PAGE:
By LILY TINOCO | Reporter
Amid a global health and increasing education crisis, Huntington resident Daniel Halper wanted to offer students across Los Angeles academic support.
He launched Step Up Tutoring last year with a goal to help close the education gap.
Halper, a recent Stanford University graduate, said he studied product design but has always had an interest in education and through different programs, he has enjoyed working with students from low-income and underserved communities.
“I’ve always had a big interest in closing the education gap, trying to improve the lives of children,” he said to the Palisadian-Post. “I’ve lived a very privileged life … I went to Village School, I went to Brentwood High School … in my time working in underserved communities and schools, I’ve seen a drastic difference between my educational experience and what these students are getting.
“I think it’s important to give them the educational footing that allows them to get to the next level and go to college.”
He said the COVID-19 pandemic only exacerbated the existing education crisis and he needed to get involved.
“I had a lot of time, I had a lot of passion for it,” he said.
Thus, Step Up Tutoring was born.
Step Up Tutoring’s mission is to extend free online tutoring for families who cannot afford a private tutor. Volunteer tutors provide personalized instruction, mentorship and emotional support for students who need it.
When campuses across Los Angeles closed in March 2020 to mitigate the spread of COVID-19, students were sent home with a remote learning plan. Students of LA Unified School District were equipped with technology and internet connection necessary for distance learning—Halper said these efforts helped set Step Up Tutoring up for success.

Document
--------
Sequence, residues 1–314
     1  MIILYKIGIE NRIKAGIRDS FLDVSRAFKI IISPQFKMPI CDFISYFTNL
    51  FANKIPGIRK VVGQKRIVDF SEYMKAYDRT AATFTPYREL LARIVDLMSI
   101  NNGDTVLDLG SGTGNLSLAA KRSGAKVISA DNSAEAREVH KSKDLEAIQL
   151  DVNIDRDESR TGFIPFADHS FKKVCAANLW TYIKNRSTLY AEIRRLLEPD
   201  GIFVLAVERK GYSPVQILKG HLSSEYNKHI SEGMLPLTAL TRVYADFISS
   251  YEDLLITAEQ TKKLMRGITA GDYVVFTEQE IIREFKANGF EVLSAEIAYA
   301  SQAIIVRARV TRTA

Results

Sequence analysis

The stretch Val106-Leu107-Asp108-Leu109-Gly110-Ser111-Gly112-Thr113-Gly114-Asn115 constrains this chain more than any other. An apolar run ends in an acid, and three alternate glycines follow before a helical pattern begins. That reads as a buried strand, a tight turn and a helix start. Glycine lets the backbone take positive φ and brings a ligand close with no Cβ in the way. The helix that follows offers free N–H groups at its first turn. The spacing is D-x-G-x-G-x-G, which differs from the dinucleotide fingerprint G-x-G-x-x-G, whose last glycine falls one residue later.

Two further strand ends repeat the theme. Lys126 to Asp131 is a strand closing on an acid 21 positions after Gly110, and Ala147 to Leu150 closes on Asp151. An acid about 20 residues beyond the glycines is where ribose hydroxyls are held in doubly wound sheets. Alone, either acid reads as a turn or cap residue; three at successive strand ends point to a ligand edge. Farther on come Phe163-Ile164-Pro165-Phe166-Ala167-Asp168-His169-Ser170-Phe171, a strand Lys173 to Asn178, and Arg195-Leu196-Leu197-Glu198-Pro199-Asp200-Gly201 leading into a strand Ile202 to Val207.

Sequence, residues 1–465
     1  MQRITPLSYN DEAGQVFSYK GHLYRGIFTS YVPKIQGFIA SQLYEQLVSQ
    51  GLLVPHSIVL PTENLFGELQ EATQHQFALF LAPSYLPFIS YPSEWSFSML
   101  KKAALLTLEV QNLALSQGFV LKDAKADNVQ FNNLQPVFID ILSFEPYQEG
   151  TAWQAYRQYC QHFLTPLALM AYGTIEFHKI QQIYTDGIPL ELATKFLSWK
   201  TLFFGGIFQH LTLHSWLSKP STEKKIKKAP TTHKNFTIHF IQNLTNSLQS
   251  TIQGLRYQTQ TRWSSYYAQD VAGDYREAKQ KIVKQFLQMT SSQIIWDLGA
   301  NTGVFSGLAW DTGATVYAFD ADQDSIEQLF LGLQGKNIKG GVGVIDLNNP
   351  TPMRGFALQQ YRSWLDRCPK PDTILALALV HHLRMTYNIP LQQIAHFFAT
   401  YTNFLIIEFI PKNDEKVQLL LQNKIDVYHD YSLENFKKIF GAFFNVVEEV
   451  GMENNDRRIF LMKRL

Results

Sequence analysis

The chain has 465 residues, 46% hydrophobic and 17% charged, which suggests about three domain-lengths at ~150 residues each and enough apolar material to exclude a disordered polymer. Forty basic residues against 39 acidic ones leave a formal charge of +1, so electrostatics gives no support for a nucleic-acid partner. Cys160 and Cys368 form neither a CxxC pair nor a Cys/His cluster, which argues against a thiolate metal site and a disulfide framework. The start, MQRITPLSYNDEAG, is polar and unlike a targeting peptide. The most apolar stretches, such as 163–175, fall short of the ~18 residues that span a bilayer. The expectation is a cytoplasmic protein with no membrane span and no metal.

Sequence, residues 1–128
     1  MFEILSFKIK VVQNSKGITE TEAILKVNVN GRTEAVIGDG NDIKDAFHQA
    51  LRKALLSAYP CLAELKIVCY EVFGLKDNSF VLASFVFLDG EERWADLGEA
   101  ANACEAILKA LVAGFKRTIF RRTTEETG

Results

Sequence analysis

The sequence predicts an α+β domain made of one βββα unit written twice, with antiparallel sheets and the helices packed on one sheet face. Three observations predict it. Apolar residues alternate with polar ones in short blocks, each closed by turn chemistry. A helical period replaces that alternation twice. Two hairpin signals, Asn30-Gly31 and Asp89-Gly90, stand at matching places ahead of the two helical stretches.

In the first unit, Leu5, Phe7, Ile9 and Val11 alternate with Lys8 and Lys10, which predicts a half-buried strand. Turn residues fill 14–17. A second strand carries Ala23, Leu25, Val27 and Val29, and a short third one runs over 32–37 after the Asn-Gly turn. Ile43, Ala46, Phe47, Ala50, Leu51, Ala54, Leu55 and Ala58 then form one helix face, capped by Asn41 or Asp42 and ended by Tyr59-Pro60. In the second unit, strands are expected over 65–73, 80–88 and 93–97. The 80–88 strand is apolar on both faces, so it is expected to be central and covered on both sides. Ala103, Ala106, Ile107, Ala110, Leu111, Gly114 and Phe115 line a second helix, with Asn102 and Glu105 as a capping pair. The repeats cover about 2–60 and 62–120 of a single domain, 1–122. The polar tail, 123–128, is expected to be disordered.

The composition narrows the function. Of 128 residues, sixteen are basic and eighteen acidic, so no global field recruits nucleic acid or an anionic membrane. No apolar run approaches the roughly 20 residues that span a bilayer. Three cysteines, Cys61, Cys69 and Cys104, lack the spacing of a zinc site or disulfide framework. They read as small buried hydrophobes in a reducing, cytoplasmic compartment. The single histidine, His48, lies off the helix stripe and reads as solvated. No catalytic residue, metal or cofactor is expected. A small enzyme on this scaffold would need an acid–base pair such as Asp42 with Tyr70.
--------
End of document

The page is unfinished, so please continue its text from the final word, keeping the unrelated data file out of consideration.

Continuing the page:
“The pandemic was the perfect time for an online program like this to really work,” he said.
Step Up Tutoring launched its pilot program at the start of the academic school year in August 2020. Now the initiative has a five-year contract with LAUSD.
The program is currently working with students from Title I schools—schools with high numbers or percentages of students from low-income families that receive financial assistance to help them meet academic standards.
“As some children are able to continue to learn because their schools have the resources to adjust instruction, many students are struggling,” according to the organization’s website. “This disparity among schools disproportionately affects minorities and students from lower income families. Not only are these students struggling to learn important material, but many also are not getting the social interaction they need to grow … without these vital skills on which to build, students will be harmed academically and socially.”
A growing success, Step Up Tutoring received over 1,000 tutor applications by the end of the fall semester last year. Tutors must be at least 16 years old, agree to a fingerprinting background check and have internet access. Halper said he would love for Palisadians to get involved.
“I think they would do great,” he said. “Many people in the community are very educated, they have the knowledge to help support students as a mentor—not only as a tutor—and help get them where they are and be successful.”
Step Up Tutoring requires interested teachers to opt into the program. By doing so, their students can subsequently apply for tutoring. Students with teachers who have not opted in are currently unable to apply.
“We’re continually expanding, adding new teachers every day,” Halper said.
Once a tutor and student have been paired, they meet on Zoom for at least two hours per week.
Producer of the television series “Homeland” and author Howard Gordon said being a tutor has been as rewarding as it has been challenging.
“LAUSD students and teachers have been shouldering an outsize burden for a long time, and the pandemic has only brought that into sharper relief,” Gordon said to the Post. “Step Up is a real-world, hands-on opportunity for LA citizens interested in bridging the widening education gap in our city.”
Halper said Step Up Tutoring plans to expand to other districts in the future.
“We have huge visions for the future,” he shared. “We want to be across the country.”
For more information, visit stepuptutoring.org.
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